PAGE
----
ple who have had their opportunity and
didn't Improve It.
MANY MISS CHANCE.
"Jesus Christ says to you with little
ability, -'Stretch forth thy hand.' You
say; 'I have never done personal work'
stretch forth thy hand. You have never
prayed In publlo-stretch forth thy hand,
God will loosen your tongue. You say
you have no family altar In your home
stretch forth thy hand. You are afraid to
ask God's blessing before you eat stretch
forth thy hand. I don't care where I am,
In a fashionable hotel. In a modern
BnOWN'S-MIlXB-lN-THB-riNEa. W. J.
TUP INN r beaUli. pleasure ana, Mere
jjiL, jhh Bt0n- Favotlu roort fr
tourUts. Undr nw rasnaxtmint.
I. U U. 8. ItUDDERS.
C1IAHLF.8TON. 8. a
opn for iclulv p.trensti orlilnat Co
lonial furnlthlnzai Southern cookies j yacht
Inr. tot, UnnU Mr A tin J. R. tttrloltlt
ST. AUGUSTINB. KLA.
THE BARCELONA "$,", fiSS!
Privat bathal jic1u1t. A N. BLAIR.
ATLANTIC PTT, N. 3,
un)B Vn'rlr Brick. Hot and cold rumunS
nuiei iuiKwat,r Ntw Tork A A g
out poirrr coMror4 Ai
IiookUt. at 1ABU Mr V ,J
Koater Cnta'nut and. "?7 ""T..
1Mb U) lUrraona Whllewnt Co. 1003
Cbaatnut St . Tt. Cook So?. S30 CMalaut
Bt., Haws PicWnaon BIO N ltti ,i Alt
hooao Tours Co.. 1S Walnut St . ot addraaa
Oio. r. Adama, wir, Fertraaa Monro Vs.
dining car or In your home, I don't put
anything In my body without first asking
God's blessing on It- If you gulp It down
like a hog from a swill trough, that's
"Saul missed his chance and his hand
withered and the sceptre dropped. David
didn't miss hi? chance, he picked up the
sceptto and climbed upon the throne.
Judas reached forth his hand for the gold
that betrayed Christ, and his name Is
spoken with disdain. Adam and Eve
reached forth their hands and ate the
forbidden fruit and the world Is suffering
from It today. Pilate, poor Pilate, had
his chance, but he missed It. Those who
walk, the streets of heaven had their
chance nnd they Improved It; sea If you
can Improve yours.
"Bring jour smalt store nnd Jesus
Christ will meet tho needs of Philadel
phia, If you, haven't much ability, bring
It to the Lord nnd see what Ho wilt do
"The bo's sardines nnd biscuits when
brought to the Lord became a banquet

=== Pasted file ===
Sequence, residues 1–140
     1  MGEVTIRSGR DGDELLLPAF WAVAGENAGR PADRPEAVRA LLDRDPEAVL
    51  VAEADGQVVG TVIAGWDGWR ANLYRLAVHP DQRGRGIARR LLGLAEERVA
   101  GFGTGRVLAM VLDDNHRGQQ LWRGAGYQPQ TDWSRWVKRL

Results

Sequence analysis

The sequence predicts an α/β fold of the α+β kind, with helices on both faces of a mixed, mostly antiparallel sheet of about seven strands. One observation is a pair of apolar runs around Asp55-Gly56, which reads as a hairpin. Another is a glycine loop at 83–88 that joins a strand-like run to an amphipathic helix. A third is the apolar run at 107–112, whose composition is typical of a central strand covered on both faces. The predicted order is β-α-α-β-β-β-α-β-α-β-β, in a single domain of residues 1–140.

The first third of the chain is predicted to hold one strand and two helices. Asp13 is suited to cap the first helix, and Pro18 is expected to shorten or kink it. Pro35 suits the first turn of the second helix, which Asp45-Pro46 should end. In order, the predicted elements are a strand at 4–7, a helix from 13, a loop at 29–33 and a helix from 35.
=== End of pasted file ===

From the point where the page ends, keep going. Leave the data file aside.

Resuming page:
for thousands. Bring your little store and
let Him Improve upon It. It Is just as
easv far Jesus Christ to make a loaf as
'to cieate the world. The world Is hungry
nnd waiting, so give It something to eat.
JUST DO YOUIt BEST.
" 'Bring what you have,' said God. You
can't all sing Ilka prima donnns or sing
tho scale like Tred or Itodc; bring what
ou have. Don't be .ft bench warmer;
get Into the game. Never sit ellent while
somebody la slandering the Lord, Put
Him Into jour business and tell peoplo
It Is safe to come to your place to deal
because Jesus Christ Is your senior part
ner. Do you deliver the goods? Say
Tes: but I can't deliver my manhood.
Do something for Jesus.
"I'm preaching to the God who took
Erioch to heaven, I'm preaching to the
samo God who mado the water gush
from tho rocks; the same God that locked
the lion's mouth for Daniel. God never
changes. You change. Ho doesn't."
ANSWERS MAIL IN PARK
George C. Shane Has Novel Plan to
Elude Ticket Seekers.
PerslRtent pastors pesterlnir
B. Sunday'i Oeorsa C. Shana,
With citric din havo worn blm thin
And zHtn Idm a pnln
Thej'te driven him to Falrmount Fark,
In aplte of atorm and cata.
To xet aurceaaa ao he'll have peaca
In optnlnr Ills mall,
Persistent pastors seeking tickets of
admission to the "Billy" Sunday taber
nacle have driven Georgo C. Shane, ex
ecutive secretary of the Sunday Cam
paign Committee from his ofllco in the
Stock Exchange Building to tho eylvnn
qulotudo of Tnlrmount Park to open his
morning mall and transact the larger part
of his business.
Mr. Sljnne Is wearing what experts In
facial expression might call a hunted
look. Dnllj' the line of pastors and other
persons nt his ofllce door has grown until